• при боковом рассмотрении появляется мнение, что задняя часть оказывается немного приподнятой вверх по отношению к передней;
  • лицевая сторона обладает крупной радиаторной решеткой, которая постепенно переходит в бампер;
  • область радиаторной решетки свидетельствует о вертикальном декоративном разделении, которое отмечается только до середины;
  • округлые вырезы находятся по краям нижней части решетки. Можно предположить, что именно здесь появятся противотуманные фары;
  • тестовая машина получила красивые фары, выполненные в виде лезвия ножа. Предусматривается особенная гармония с рельефным капотом и покатой крышей;
  • бампер обладает большими воздухозаборниками, расположенными по краям основания;
  • колесные арки приобрели дополнительную массивность, в результате чего автомобиль получает расширенный облик со спортивными нотками;
  • задняя часть обладает уникальной выхлопной системой, созданной на основе широких патрубков, установленных сразу по две стороны бампера;
  • крышка багажного отделения обладает стандартным дизайном;
  • сложность в экстерьер автомобиля вносится благодаря прищуренным задним фарам;
  • на тестовую машину установили широкие 20-дюймовые колесные диски с пятью спицами.

Именно таким окажется экстерьер уникального автомобиля.

Технические характеристики авто

Купе получит современный двигатель от Audi. Вместо 8-цилигндрового 4,2-литрового двигателя автомобиль получит 3-литровый мотор с шестью цилиндрами. При этом силовой агрегат должен получить тройной турбонаддув, с помощью которого двигатель будет развивать мощность до пятисот лошадиных сил.

Можно предположить, что серийный автомобиль также получит 3-литровый 6-цилиндровый агрегат от модели Audi S5.

В любом случае машина сможет экономично расходовать топливо и порадует оптимальной динамикой. Это объясняется использованием инновационной платформы MLB Evo.

Новинка предлагается с облегченным кузовом. Вес машины уменьшится на 50 – 100 килограмм, но и этого будет достаточно для пиковой скорости и оптимального ускорения. Для достижения первой сотни будет достаточно всего лишь четырех секунд.

Audi RS5 обладает стальными тормозами классического вида, которые раньше предлагались для RS3.

Аналитики уверены: производитель предложит несколько версий Audi RS5.

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2018 Audi RS 5 Coupe First Drive Review

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You notice the muted snarl when you nail the gas. Then you notice the soft rustle of wind around the A-pillars, the distant hum of the tires, and the concert hall clarity of the Bang & Olufsen audio system, even at triple-digit velocities. Yes, the 2018 Audi RS 5 Coupe is all grown up—a smooth, quiet, comfortable, connected grand tourer, albeit one that packs a 450-hp punch and, if you tick the right options box, a top speed of 174 mph.

All taut surfaces and sharp edges, the new RS 5 showcases the crisp design language being developed under the aegis of new Audi design chief Marc Lichte. Only the hood, roof, and trunk are shared with the regular A5/S5 coupes: The grille is shallower and wider, the fenders have been pumped 0.6 inch each side, and the new front and rear bumpers are adorned with the usual performance car perquisites such as vents, spoilers, splitters, and diffusers. All U.S. market RS 5s will come with black trim and 20-inch forged alloy wheels shod with 275/30 tires front and rear.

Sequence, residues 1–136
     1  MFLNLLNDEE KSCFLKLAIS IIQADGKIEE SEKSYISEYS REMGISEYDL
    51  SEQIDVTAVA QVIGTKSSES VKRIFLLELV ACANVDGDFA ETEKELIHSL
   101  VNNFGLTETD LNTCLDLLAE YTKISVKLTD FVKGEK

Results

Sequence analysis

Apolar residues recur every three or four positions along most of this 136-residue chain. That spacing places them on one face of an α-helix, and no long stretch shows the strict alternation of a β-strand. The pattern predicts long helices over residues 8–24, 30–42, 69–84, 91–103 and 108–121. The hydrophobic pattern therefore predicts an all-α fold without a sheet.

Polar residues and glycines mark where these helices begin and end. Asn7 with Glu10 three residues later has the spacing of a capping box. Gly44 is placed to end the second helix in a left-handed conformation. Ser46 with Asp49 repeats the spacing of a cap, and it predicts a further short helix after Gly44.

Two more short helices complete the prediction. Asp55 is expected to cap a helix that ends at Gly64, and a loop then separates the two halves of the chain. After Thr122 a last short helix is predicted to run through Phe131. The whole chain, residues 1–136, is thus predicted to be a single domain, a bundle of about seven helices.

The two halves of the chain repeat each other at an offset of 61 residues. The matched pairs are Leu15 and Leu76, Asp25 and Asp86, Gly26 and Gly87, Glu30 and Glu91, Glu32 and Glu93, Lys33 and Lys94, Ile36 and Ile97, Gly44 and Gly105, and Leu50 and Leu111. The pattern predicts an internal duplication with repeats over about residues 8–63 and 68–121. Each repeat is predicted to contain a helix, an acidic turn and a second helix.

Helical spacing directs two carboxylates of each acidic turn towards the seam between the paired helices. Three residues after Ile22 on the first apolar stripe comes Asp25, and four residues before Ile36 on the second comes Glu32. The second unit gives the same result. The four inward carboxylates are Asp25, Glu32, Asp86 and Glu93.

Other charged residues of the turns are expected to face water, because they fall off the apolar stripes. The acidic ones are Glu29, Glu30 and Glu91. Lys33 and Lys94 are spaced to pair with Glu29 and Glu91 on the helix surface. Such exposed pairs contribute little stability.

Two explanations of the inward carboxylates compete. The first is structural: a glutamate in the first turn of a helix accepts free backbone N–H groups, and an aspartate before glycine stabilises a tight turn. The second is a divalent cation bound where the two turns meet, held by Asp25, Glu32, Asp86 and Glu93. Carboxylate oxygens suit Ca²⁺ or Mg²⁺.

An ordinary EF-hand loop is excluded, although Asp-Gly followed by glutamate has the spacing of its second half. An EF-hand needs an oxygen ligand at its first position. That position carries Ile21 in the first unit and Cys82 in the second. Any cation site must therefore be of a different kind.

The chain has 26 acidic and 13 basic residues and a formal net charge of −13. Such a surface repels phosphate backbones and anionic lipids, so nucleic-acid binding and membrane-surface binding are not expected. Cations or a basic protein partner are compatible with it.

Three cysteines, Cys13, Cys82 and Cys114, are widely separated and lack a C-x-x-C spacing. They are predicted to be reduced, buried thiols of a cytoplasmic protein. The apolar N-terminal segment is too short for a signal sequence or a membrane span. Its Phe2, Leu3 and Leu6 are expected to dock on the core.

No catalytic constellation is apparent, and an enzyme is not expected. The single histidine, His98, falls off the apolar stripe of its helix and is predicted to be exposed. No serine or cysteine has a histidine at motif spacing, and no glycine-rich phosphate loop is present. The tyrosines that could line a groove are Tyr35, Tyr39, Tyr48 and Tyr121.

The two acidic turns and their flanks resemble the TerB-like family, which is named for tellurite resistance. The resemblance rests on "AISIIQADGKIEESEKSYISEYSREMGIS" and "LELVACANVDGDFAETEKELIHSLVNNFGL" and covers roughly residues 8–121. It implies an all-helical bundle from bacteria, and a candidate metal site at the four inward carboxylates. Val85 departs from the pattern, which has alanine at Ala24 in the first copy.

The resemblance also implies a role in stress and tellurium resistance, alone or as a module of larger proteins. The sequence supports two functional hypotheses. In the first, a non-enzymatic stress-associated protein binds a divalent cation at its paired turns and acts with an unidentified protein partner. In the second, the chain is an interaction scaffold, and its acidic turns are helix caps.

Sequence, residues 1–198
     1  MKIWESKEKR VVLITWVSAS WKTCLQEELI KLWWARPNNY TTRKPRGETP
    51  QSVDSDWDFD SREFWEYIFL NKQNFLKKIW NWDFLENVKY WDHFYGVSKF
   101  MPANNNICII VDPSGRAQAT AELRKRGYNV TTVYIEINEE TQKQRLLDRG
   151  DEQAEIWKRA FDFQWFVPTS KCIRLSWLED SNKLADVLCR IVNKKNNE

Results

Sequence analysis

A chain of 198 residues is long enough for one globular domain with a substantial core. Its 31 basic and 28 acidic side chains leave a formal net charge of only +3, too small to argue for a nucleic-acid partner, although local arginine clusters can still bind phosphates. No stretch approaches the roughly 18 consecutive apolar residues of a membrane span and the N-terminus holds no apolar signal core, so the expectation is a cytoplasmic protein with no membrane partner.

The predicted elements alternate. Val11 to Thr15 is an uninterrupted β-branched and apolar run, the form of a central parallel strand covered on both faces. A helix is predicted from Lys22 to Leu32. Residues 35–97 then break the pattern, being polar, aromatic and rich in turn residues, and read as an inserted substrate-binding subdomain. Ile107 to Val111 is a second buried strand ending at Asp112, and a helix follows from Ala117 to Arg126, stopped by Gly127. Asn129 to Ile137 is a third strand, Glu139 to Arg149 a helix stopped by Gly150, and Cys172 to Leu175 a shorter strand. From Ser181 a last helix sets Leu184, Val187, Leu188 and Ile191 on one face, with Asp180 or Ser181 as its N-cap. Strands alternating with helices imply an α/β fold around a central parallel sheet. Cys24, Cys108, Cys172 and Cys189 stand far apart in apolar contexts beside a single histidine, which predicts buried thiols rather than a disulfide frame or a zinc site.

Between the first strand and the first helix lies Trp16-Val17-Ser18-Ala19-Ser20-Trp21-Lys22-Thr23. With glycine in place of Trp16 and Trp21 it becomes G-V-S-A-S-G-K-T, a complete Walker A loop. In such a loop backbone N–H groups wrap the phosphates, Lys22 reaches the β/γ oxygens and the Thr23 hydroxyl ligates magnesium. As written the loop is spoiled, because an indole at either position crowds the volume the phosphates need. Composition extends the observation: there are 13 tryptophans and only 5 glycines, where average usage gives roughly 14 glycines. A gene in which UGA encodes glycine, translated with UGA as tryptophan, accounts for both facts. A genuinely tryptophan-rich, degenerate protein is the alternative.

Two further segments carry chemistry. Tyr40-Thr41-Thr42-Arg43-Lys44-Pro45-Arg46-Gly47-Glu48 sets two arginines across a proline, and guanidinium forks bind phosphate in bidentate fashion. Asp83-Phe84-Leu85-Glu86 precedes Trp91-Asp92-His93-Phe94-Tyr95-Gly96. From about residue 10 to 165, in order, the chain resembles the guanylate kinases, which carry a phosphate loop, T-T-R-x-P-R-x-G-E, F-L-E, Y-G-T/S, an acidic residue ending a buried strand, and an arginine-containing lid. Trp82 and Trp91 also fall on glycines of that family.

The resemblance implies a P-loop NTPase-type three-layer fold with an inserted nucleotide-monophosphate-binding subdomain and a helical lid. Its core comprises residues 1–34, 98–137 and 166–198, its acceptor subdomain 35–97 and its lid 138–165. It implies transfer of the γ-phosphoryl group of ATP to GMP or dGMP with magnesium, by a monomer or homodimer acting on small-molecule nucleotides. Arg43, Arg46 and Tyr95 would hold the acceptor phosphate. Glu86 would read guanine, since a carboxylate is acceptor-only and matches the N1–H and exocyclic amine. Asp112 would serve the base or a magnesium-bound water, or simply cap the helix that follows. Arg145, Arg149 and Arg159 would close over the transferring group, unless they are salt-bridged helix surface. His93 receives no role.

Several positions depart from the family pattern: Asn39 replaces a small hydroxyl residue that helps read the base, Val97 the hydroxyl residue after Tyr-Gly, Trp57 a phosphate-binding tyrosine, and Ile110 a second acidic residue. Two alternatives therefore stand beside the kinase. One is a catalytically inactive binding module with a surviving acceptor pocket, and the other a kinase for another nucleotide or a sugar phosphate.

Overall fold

Although 2.9 inches longer overall, the new RS 5 weighs 132 pounds less than the previous model, and 33 pounds of that weight saving is in the body alone, which makes extensive use of aluminum stampings, extrusions, and castings. A carbon-fiber roof panel is available in Europe, saving an additional 6.6 pounds, but it won’t be made available in the U.S.

Inside is another of Audi’s typically classy interiors, rich in stitched leather and soft-sheen aluminum. U.S. spec RS 5s will come standard with carbon-fiber trim—90 percent of buyers of the previous model opted for it—and Audi’s impressively configurable ‘virtual cockpit’ digital instrumentation pack. A new RS-specific head-up display that in shows engine oil temperature, lap time, and shift lights in addition to speed and nav information will make its debut on the RS 5. The 0.6-inch stretch in wheelbase compared with the previous RS5, combined with new slimline sports seats, has given rear-seat passengers almost an inch more kneeroom.

The big news is under the hood, however. At the business end of the MLB Evo platform is the performance version of Audi’s new turbocharged V-6, codenamed EA389. In the A5/S5 the engine is a 3.0-liter, but in the RS 5 it displaces 2.9 liters. The reason? A shorter stroke that helps the fuel/air mixture better fill the combustion chamber. The mixture is helped into the cylinders by two turbochargers mounted in the vee that deliver a maximum of 0.95 boost. Peak power is 450 hp, which is line ball with the output of the naturally aspirated 4.2-liter V-8 that powered the previous-generation car. The key difference is the V-8’s power peak came just north of 8,000 rpm while the twin-turbo V-6 delivers its maximum power from 5,700 rpm to 6,700 rpm.

The engine drives all four wheels—of course—through a ZF eight-speed automatic transmission rather than the seven-speed dual-clutch auto used in the last car. In the RS 5 the quattro system delivers 60 percent of the torque to the rear wheels under normal conditions, but it can channel up to 85 percent to the fronts if it detects slip. The rear sport differential can also actively vary the torque to each of the rear wheels to ensure maximum traction, and all wheels can be individually braked to improve cornering agility.

The RS 5 rides 0.3 inch lower than the regular S5. Dynamic Ride Control, which uses steel springs and three stage adjustable shocks connected diagonally via oil lines running through a central valve to reduce diagonal pitching and roll through corners, will be available as an option in the U.S. as part of a Dynamic Pack that includes red brake calipers and the RS sport exhaust with black tips. Those RS 5 owners who want more can upgrade further with the Dynamic Plus Pack, which adds giant 15.7-inch carbon ceramic brakes up front, a tire temperature and pressure display function, a carbon-fiber engine cover, and most importantly ups the car’s top speed from 155 mph to 174 mph.